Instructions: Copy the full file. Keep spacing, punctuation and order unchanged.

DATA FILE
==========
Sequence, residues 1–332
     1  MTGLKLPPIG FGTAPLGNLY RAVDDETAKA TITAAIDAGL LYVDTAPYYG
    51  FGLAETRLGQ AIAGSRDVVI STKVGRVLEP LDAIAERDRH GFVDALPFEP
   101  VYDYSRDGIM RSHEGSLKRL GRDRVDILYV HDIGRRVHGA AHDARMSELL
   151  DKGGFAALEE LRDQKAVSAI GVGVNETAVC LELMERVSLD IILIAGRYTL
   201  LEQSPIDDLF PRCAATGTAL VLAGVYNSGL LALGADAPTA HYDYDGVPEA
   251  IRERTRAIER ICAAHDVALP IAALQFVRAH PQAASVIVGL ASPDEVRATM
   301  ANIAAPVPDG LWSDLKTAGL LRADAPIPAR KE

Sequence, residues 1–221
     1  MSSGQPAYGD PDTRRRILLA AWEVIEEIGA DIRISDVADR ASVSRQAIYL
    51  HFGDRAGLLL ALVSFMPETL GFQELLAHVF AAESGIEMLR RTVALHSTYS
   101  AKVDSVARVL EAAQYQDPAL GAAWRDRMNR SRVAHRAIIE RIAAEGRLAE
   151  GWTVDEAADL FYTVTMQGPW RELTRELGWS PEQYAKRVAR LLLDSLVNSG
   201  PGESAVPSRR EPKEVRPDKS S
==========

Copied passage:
Sequence, residues 1–332
     1  MTGLKLPPIG FGTAPLGNLY RAVDDETAKA TITAAIDAGL LYVDTAPYYG
    51  FGLAETRLGQ AIAGSRDVVI STKVGRVLEP LDAIAERDRH GFVDALPFEP
   101  VYDYSRDGIM RSHEGSLKRL GRDRVDILYV HDIGRRVHGA AHDARMSELL
   151  DKGGFAALEE LRDQKAVSAI GVGVNETAVC LELMERVSLD IILIAGRYTL
   201  LEQSPIDDLF PRCAATGTAL VLAGVYNSGL LALGADAPTA HYDYDGVPEA
   251  IRERTRAIER ICAAHDVALP IAALQFVRAH PQAASVIVGL ASPDEVRATM
   301  ANIAAPVPDG LWSDLKTAGL LRADAPIPAR KE

Sequence, residues 1–221
     1  MSSGQPAYGD PDTRRRILLA AWEVIEEIGA DIRISDVADR ASVSRQAIYL
    51  HFGDRAGLLL ALVSFMPETL GFQELLAHVF AAESGIEMLR RTVALHSTYS
   101  AKVDSVARVL EAAQYQDPAL GAAWRDRMNR SRVAHRAIIE RIAAEGRLAE
   151  GWTVDEAADL FYTVTMQGPW RELTRELGWS PEQYAKRVAR LLLDSLVNSG
   201  PGESAVPSRR EPKEVRPDKS S